Ben Gibbard Dedicates Postal Service Classic 'Such Great Heights' to USPS

Ben Gibbard
Courtesy Photo

Ben Gibbard

The Postal Service meets the United States Postal Service. Again.

Ben Gibbard kicked off the Democratic National Convention's #TeamJoeSings series today (Aug. 19) in support of Democratic nominee Joe Biden. He started his set with Death Cab for Cutie's "Northern Lights," but he shined a light on one of his biggest musical influences that's currently undergoing a national crisis ahead of the presidential election: the USPS.

"It's an honor to be here and support Vice President Joe Biden and Kamala Harris. And I think more than any election in my lifetime, this one is of paramount importance," the 44-year-old frontman stated while tuning his guitar for the next timely tune. "And one of the many institutions outside of democracy that's very core, that's under fire is that of the United States Postal Service."

He recalled the good 'ole days of performing with Jimmy Tamborello, also known as Dntel, in their indie-pop supergroup nicknamed after The Postal Service, which released its debut album Give Up in 2003.

"And we made this music by sending CDs back and forth to each other," Gibbard said. "I lived in Seattle, my bandmate Jimmy Tamborello lived in Los Angeles. And we made a record using the United States Postal Service, and therefore, we called ourselves The Postal Service. And I think in the midst of this global pandemic, nothing is more important than being able to vote safely and securely. And vote-by-mail has been shown to be that over and over and over again."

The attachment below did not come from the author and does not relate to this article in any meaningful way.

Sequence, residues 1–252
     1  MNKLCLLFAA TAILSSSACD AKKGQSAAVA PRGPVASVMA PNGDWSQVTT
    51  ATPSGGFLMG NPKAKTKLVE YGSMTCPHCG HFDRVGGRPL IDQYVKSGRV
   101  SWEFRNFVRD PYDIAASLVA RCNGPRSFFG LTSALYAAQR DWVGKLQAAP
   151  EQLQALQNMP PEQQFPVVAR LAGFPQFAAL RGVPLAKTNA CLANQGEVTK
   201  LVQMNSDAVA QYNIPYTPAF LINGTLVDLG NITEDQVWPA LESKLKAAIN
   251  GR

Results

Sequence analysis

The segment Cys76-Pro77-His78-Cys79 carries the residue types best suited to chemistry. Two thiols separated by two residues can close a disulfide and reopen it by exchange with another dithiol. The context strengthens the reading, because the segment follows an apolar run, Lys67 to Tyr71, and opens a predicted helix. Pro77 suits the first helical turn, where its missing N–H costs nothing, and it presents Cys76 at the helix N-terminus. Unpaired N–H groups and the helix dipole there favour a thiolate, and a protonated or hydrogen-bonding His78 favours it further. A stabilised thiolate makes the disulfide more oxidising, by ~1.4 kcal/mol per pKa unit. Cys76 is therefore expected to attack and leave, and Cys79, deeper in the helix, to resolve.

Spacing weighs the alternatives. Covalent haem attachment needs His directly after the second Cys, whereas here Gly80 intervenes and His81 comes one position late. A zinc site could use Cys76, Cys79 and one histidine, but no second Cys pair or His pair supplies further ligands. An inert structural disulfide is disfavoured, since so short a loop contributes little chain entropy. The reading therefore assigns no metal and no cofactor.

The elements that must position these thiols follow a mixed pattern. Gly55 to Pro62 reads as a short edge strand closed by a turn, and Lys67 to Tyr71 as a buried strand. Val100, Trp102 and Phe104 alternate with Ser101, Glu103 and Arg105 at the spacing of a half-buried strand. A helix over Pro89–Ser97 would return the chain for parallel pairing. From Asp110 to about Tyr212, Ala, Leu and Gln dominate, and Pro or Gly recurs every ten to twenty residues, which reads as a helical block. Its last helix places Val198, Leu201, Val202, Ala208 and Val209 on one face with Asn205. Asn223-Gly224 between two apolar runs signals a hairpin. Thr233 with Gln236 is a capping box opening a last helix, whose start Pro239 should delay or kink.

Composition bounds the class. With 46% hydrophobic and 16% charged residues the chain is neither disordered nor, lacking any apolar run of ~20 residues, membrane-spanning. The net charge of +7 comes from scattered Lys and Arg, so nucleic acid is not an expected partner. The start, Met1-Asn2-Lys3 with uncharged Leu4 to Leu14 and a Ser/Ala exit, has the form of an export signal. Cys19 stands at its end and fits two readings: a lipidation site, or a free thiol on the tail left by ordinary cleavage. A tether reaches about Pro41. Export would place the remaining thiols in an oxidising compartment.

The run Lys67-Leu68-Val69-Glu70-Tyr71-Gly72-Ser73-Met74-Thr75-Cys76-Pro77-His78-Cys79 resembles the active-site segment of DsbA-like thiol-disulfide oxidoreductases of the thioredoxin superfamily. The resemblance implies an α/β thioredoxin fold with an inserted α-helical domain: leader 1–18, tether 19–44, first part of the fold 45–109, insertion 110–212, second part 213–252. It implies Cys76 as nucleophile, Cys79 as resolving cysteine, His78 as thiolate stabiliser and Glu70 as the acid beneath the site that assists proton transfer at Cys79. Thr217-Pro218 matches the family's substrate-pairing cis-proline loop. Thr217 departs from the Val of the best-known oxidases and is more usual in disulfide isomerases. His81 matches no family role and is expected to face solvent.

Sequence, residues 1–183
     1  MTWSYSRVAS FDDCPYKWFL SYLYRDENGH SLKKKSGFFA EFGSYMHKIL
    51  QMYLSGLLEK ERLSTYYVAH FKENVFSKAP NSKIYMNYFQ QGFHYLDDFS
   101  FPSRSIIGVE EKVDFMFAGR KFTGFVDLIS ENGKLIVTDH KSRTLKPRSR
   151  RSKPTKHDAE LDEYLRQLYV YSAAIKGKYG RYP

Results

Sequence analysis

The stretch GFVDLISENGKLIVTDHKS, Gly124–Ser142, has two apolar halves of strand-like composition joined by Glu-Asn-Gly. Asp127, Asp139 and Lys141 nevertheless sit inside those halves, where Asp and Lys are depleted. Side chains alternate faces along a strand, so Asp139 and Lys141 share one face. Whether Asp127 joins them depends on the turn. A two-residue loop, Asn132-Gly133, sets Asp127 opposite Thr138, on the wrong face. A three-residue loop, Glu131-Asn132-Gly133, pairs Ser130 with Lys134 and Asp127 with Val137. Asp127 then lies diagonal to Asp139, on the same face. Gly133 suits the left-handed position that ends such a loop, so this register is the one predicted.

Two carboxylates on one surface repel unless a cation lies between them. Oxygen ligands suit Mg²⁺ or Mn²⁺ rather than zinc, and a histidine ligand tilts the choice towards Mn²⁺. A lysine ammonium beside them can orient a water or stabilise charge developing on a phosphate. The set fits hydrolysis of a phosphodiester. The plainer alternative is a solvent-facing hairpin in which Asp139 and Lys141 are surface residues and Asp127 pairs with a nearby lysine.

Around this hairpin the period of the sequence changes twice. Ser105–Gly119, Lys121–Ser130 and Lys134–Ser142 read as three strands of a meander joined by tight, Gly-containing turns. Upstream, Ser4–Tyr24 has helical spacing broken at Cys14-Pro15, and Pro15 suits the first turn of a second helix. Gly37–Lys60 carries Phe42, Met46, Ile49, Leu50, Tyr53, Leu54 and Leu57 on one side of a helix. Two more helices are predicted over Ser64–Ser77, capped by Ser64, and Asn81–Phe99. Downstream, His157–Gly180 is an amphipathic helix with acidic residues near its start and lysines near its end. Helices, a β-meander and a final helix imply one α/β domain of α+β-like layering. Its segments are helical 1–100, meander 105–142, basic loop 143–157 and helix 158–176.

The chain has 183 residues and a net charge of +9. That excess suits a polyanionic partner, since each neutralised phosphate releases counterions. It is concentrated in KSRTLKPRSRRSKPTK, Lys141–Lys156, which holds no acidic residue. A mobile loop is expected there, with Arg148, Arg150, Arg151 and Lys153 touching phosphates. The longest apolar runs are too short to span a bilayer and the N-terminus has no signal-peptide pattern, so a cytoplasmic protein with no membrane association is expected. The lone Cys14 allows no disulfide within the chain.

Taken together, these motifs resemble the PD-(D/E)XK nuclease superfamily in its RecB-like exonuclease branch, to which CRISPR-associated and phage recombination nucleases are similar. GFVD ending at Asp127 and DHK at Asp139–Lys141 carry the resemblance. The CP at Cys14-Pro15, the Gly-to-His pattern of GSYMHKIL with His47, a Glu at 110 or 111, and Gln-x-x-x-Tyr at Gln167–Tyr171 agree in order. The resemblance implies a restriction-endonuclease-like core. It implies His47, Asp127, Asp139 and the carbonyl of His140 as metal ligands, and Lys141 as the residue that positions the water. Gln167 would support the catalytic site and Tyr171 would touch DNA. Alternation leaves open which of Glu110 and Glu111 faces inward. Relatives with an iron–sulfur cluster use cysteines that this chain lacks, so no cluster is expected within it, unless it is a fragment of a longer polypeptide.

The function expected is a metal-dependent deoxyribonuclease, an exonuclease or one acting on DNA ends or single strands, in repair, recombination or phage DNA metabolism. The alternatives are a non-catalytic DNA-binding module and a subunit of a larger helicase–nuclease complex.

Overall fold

So it was only fitting that he dedicated The Postal Service debut LP's lead single "Such Great Heights" to its namesake cornerstone of American society.

But USPS did not immediately give Gibbard and Tamborello's musical project its stamp of approval after delivering a cease-and-desist order in August 2003 stating the two bandmates had violated its trademark. But the two Postal Services came to an agreement in November 2004 that granted Sub Pop label "a free license to use the name in exchange for working to promote using the mail," according to The New York Times.

Looks like Gibbard's promotion of the USPS predates celebrities' current defense of it.

Watch his whole DNC performance as part of the #TeamJoeSings series below.